Some embodiments may use a combination of streaming technologies with a local copy of a virtual application. Such an embodiment may use various streaming techniques to begin downloading and executing a virtual application on a client device and may further store the downloaded virtual application on a local storage device for a second or subsequent use. Many such embodiments may enable a client device to being execution quickly with the initial portions of the download and may continue to download remaining portions of the virtual application as bandwidth permits so that the client device may eventually contain the entire virtual application locally. When the application is available locally, the application may sometimes execute faster.

Streaming deployments have a capability that may enable an application to be upgraded on the virtual application server without having to upgrade or change the client device. Such a capability may ease licensing, managing, monitoring, and other administrative tasks.

Streaming deployments generally have long sessions between a client and virtual application server as the virtual application is being used. In many cases, a user may initiate a virtual application and leave the application running all through a workday, and even overnight or for several days. In some cases, virtual applications may be executing for weeks or longer.

The virtual application servers may be capable of updating the virtual application and establishing new sessions with an updated version of a virtual application while existing sessions are being served for older versions. Such capability may make it possible for a session to continue indefinitely while updates are rolled out and implemented. A client may update from one version to another, when the update is available, by merely terminating the current session and starting a new session.

The version management server 102 may be a central management point for version management for virtual application servers 104 and 106 connected to the network 103. In many embodiments, the version management server 102 may be the administrative interface for several virtual application servers. An administrator may be capable of monitoring and deploying updates across a group of virtual application servers from the version management server 102. In many embodiments, the version management server 102 may provide other administrative, monitoring, and management functions as well.

The virtual application servers 104 and 106 may each serve one or more virtual applications 108 and 110 to various clients 112, 114, and 116. In some embodiments, each virtual application server may serve multiple virtual applications to clients, while in other embodiments, each virtual application server may serve a single virtual application to clients. Each type of deployment may be used in different types of situations. For example, an enterprise may deploy virtual application servers to serve each geographic location of a multi-state or international enterprise. In a smaller location, a single virtual application server may be sufficient to serve the clients at the location, while in a very large location, large groups of virtual application servers may be used to serve all of the local clients. In the larger setting, different virtual application servers may be configured to serve a single virtual application to many clients and other virtual application servers may be configured to serve multiple virtual applications.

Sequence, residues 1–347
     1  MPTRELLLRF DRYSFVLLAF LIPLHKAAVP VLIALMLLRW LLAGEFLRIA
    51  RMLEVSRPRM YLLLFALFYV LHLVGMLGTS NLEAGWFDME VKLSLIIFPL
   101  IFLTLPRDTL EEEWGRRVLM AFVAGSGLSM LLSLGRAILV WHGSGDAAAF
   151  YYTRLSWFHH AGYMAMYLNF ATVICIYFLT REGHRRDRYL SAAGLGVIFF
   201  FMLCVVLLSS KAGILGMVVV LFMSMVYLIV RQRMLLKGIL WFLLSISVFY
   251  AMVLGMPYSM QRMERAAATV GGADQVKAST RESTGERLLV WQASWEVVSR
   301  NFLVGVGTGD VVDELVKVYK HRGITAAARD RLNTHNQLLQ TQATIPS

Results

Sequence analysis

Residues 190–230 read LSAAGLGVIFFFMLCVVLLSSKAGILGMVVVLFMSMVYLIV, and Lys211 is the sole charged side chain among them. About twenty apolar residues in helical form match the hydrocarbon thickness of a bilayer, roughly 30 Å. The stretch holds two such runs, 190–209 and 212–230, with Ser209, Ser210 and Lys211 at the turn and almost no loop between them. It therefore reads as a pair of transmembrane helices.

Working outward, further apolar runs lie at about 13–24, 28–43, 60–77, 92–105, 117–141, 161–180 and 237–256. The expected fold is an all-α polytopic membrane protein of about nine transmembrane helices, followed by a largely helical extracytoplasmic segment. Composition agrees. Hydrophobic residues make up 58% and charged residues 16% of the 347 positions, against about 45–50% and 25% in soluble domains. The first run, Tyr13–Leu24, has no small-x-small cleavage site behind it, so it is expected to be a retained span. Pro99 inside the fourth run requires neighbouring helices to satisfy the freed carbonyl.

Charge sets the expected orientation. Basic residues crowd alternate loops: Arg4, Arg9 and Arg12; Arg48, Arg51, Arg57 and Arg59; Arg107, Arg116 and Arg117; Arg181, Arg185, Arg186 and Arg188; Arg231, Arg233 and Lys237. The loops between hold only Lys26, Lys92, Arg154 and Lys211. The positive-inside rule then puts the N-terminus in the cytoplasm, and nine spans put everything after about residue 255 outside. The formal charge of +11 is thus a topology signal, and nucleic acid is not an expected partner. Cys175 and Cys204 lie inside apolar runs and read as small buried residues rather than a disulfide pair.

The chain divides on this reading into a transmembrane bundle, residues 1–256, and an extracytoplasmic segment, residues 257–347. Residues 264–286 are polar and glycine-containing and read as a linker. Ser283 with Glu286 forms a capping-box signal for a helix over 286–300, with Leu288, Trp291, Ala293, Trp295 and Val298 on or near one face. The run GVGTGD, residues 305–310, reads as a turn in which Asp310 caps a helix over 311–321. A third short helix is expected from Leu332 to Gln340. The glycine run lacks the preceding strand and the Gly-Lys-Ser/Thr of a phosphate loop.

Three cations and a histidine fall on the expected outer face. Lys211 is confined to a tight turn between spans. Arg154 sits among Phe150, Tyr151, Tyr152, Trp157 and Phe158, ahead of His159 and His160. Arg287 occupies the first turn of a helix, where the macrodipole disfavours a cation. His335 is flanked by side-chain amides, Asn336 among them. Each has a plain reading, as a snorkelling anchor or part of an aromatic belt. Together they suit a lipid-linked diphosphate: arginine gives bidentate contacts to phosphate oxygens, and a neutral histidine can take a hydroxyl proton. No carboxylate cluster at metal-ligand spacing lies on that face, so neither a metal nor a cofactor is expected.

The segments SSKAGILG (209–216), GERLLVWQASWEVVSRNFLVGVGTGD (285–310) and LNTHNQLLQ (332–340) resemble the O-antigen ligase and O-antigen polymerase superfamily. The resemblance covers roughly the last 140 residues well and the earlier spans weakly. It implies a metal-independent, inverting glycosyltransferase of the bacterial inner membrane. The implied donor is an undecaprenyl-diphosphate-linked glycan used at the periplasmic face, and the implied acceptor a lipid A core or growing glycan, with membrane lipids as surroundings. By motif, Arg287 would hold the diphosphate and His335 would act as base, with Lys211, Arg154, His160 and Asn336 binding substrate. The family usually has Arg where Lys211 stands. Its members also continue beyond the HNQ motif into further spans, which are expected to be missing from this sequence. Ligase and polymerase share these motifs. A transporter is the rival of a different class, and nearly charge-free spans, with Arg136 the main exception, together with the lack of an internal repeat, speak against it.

In a deployment within an enterprise, the network 103 may be an internal network to the enterprise. Such a network may be isolated from the Internet through various gateways or firewalls and may have characteristics of a local area network (LAN) and wide area network (WAN). In some deployments, the network 103 may include the Internet as well as portions of a local area network.

Some embodiments may use a mixture of streaming and downloaded deployments of virtual applications to clients. Clients that are connected to a local area network with high bandwidth may be configured to use streaming virtual applications. An example of such a client may be a desktop computer connected to a high speed local area network. Clients that are portable, such as laptop computers or personal digital assistants, or a desktop computer with a limited bandwidth connection may use a downloaded deployment of a virtual application.

In a downloaded deployment, a local storage 118 and 120 may be used with the clients 112 and 116, respectively, to store a virtual application from a virtual application server. The locally stored virtual application may be executed when it is the up to date version or when the client has a bad or no connection to a virtual application server.

In a downloaded deployment, the initial use of a virtual application may be downloaded in stages. A first portion of the virtual application may be downloaded so that the virtual application may begin execution with at least a portion of the entire functionality. The initial portion may be enough so that a user may begin execution, and then subsequent portions may be downloaded and executed on demand. The demand may occur when a user selects a function to execute and, if the function is not downloaded, that portion of the virtual application may be immediately downloaded. In some embodiments, portions that have not been requested may be downloaded and stored using a slower, background process so that the entire virtual application may be stored locally. Such a deployment is an example of a type of downloaded and locally run deployment of a virtual application. Different embodiments may also be used.